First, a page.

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GPS-like Technology Helps Pinpoint Best Methods For Moving Injured Players

Date:
September 21, 2007
Source:
University of Rochester Medical Center
Summary:
The 15 minutes it took to remove Buffalo Bills player Kevin Everett off the field after he suffered a spinal cord injury may seem like a long time for someone needing acute medical care, but in fact, those minutes underscore how critical it is to carefully move a player with a suspected spinal cord injury off the field. It also highlights the challenges when needing to minimize any further movement to an injured spinal cord.

The 15 minutes it took to remove Buffalo Bills player Kevin Everett off the field after he suffered a spinal cord injury may seem like a long time for someone needing acute medical care, but in fact, those minutes underscore how critical it is to carefully move a player with a suspected spinal cord injury off the field.

It also highlights the challenges faced when needing to minimize any further movement to an injured spinal cord.

And those challenges have been the focus over the past eight years for Glenn Rechtine, M.D., professor of Orthopaedics at the University of Rochester Medical Center, and president of the American Spinal Injury Association. He and his colleagues believe they now know the best methods to move injured players off the field thanks to GPS-like technology.

Electromagnetic tracking devices, which work similar to GPS technology, can measure movement down to fractions of a millimeter, about the width of a piece of construction paper. By placing three to five of these tiny devices on the upper body of a cadaver, researchers were able to precisely measure how much an injured cervical spine moves at several important points in the process of removing a player from the field including taking off a helmet, putting on a cervical collar, and placing a player on the backboard for transportation to the ambulance.

The data was then analyzed to pinpoint which removal method produced the least amount of cervical spine movement, including the neck's rotation, flexion and lateral bending. The team's findings have been published in several journals, such as Spine, the Journal of Trauma and the Journal of Neurosurgery Spine. In the near future, a manuscript will appear in the Journal of Athletic Training showing that a modified "Lift and Slide" method appears to produce the least amount of movement to an injured cervical spine.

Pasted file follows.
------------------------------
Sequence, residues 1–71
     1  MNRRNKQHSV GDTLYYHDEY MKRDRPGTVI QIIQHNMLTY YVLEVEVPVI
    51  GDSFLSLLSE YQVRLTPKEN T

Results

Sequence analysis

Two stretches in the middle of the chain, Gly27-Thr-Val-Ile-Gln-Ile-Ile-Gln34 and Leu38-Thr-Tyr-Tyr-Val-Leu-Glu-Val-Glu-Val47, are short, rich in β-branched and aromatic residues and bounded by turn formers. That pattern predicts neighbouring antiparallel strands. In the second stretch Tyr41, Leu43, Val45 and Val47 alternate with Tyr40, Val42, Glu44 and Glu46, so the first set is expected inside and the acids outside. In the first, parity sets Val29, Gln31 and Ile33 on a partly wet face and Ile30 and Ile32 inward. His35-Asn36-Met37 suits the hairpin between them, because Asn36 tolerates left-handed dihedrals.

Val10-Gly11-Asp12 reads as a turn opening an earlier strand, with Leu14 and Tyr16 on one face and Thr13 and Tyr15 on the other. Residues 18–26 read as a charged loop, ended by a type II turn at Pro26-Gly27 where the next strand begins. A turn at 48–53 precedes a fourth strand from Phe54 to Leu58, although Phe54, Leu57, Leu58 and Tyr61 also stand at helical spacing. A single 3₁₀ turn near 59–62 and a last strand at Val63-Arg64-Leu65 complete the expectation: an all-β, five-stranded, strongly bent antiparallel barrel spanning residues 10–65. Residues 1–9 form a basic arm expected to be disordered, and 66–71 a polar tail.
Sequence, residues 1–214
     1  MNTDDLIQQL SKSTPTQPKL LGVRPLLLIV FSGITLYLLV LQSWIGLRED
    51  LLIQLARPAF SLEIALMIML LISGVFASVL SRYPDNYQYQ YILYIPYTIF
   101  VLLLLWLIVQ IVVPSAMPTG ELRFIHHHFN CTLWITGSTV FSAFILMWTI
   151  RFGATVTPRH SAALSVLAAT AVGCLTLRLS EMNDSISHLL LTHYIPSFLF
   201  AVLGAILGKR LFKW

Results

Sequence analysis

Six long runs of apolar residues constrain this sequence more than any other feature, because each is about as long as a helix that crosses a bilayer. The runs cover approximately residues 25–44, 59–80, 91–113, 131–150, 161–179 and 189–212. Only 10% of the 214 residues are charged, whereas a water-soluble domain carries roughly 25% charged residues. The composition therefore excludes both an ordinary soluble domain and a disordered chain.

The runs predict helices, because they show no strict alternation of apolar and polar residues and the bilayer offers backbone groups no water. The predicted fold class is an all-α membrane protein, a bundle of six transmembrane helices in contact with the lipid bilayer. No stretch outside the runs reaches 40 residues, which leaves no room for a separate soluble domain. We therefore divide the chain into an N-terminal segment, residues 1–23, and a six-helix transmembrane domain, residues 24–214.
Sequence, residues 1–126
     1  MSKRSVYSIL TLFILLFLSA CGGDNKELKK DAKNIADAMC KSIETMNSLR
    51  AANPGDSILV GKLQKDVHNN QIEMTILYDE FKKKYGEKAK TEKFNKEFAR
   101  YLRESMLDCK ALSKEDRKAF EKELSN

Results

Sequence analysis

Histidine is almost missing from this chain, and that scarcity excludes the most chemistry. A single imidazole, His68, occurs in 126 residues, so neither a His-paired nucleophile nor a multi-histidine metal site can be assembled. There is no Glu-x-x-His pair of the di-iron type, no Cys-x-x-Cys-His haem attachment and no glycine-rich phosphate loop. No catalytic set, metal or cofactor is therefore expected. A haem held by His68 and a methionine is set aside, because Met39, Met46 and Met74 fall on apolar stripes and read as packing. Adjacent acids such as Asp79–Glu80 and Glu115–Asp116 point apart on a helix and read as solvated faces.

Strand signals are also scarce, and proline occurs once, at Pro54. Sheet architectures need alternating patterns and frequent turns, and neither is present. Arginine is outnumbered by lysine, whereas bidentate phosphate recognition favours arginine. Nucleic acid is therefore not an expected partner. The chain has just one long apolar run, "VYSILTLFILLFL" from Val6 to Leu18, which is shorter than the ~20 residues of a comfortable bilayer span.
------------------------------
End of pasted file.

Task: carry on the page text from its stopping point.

"While we strive to obtain zero movement, as that is what is best to help prevent further injury to the area, we know that is not possible," Rechtine said. "Now, we have scientific evidence to guide us in knowing which method is the best when working with these injured players."

The most common methods for moving players off the field currently are:

  • Log Roll: Where a player is gently rolled onto his/her side and the board is placed under the body.
  • Lift and Slide: Where one person holds the player's head, and three people straddle the body, and together they all lift the player while a fifth person slides a board under the player.
  • Modified Lift and Slide: Similar to the Lift and Slide, but uses extra people to lift the player, and holds the head a specific way.

Rechtine's research shows that the last method, the Modified Lift and Slide, produces the least movement to an injured cervical spine.

He added that having a trained team ready to go is one of the most important weapons in minimizing movement. "Regardless of the technique chosen, the key to a successful patient transfer hinges on having a specialized, trained and practiced team ready for such conditions," he said.

In addition to his work with athletes, Rechtine's research also has focused on how to minimize movement of an injured spinal cord once a patient is in a hospital setting.

Working with Rechtine on this research is MaryBeth Horodyski, Ed.D., University of Florida, Bryan Conrad, M. Eng., University of Florida, and Gianluca DelRossi, Ph.D., A.T.C., University of South Florida, and Christian DiPaula, M.D., University of Rochester Medical Center.


Story Source:

The above story is based on materials provided by University of Rochester Medical Center. Note: Materials may be edited for content and length.


Cite This Page:

University of Rochester Medical Center. "GPS-like Technology Helps Pinpoint Best Methods For Moving Injured Players." ScienceDaily. ScienceDaily, 21 September 2007. <www.sciencedaily.com/releases/2007/09/070917082022.htm>.
University of Rochester Medical Center. (2007, September 21). GPS-like Technology Helps Pinpoint Best Methods For Moving Injured Players. ScienceDaily. Retrieved April 24, 2014 from www.sciencedaily.com/releases/2007/09/070917082022.htm
University of Rochester Medical Center. "GPS-like Technology Helps Pinpoint Best Methods For Moving Injured Players." ScienceDaily. www.sciencedaily.com/releases/2007/09/070917082022.htm (accessed April 24, 2014).

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